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How the Faith Community Engages with Public Health Crises  

Ines MurzakuBased on recent events involving COVID-19, the Institute for Communication and Religion is sharing work that demonstrates how faith communities engage with public health challenges. Ines Murzaku, Ph.D., professor of Religion and director of the Catholic Studies Program, recently wrote two essays which share important historical and theological perspective on how the Church has engaged past public health challenges.

Murzaku's essay "Cura corporis and cura animae: The Church and the Coronavirus Crisis" focuses on the need for physicians of the body and soul for the sick and healthy. Murzaku sheds light on the role of the church in past crises and references famous medieval physician Tommaso del Garbo, who witnessed the epidemic of 1348 in the urban cities of Europe. Del Garbo advised priests who braved pestilence on how to protect themselves as the front-liners of the human spirit.

In "Pope Francis, the coronavirus, and a famous 200-year-old Italian novel," Murzaku focuses on Pope Francis' reference to Alessandro Manzoni's novel I Promessi Sposi. Pope Francis states, "Priests mustn't be the don Abbondio of the situation," but rather be the Capuchin friars. "Some, like the aforementioned don Abbondio, who has a hard time going against the whims of rich and the powerful, were made priests not because of genuine vocation but because of convenience and their desire for a comfortable life," wrote Murzaku. "The Capuchin friars, serious in their religious vocation, are on the battlefront, helping the people of Milan who are suffering pestilence. Friars like Fr. Felice Casati, who were in charge of the people in the lazzaretto, are Pope Francis' heroes."

In addition. Murzaku submitted the blog post "Coronavirus: How Lenten Kenosis Prepares Us for Easter" for the National Catholic Register, in which she wrote:

The all-surrounding Lenten emptiness and nakedness, busy cities reduced to ghost cities, are acts of kenosis. It is through emptiness that humankind comes to know God and the existence of God. Ascetical theology, which focuses on how one comes to know God, might be helpful as we seek to unpack the emptiness related to COVID-19.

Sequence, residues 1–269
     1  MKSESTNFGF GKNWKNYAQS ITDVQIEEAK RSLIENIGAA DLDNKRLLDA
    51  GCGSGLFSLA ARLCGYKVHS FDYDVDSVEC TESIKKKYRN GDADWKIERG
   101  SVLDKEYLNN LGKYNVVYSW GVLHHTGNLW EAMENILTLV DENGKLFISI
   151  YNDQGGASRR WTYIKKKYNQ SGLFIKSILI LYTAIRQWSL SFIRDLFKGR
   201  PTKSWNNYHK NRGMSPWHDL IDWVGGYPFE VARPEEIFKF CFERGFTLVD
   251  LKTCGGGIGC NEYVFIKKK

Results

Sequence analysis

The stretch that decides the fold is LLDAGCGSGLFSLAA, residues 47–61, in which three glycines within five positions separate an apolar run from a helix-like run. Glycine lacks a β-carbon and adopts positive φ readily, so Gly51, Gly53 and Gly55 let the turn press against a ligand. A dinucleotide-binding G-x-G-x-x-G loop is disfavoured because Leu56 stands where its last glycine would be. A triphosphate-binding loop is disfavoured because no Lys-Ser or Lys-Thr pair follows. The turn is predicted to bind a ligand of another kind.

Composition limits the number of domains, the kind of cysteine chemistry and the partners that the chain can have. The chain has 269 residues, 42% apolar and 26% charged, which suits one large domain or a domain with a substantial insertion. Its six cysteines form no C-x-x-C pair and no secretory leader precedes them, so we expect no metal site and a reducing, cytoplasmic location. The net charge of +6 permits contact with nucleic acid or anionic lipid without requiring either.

Ines Angeli Murzaku, Ph.D. is a professor of Ecclesiastical History and founding chair of the Department of Catholic Studies at Seton Hall University. A specialist in Byzantine and Catholic Church History, Murzaku teaches undergraduate and graduate courses on Church History and Theology focusing on Mediterranean Christianity, Monasticism, Eastern Christianity and Ecumenism.

Murzaku has won several prestigious grants, including an Alexander von Humboldt Research Fellowship for Experienced Researchers and a Social Sciences and Humanities Research Council of Canada Grant. She has won three Fulbright Senior Research Scholar Awards for research in Italy and Slovenia.

Currently, Murzaku is co-authoring a translation and critical edition of the Life of St. Neilos of Rossano for Dumbarton Oaks, Harvard University, and is also working on a book project entitled Greek Monasticism in Southern Italy, 1000-1500 for Ashgate Publishing.

Categories: Faith and Service , Health and Medicine

For more information, please contact:

  • Lorraine Joyce
  • (973) 378-2674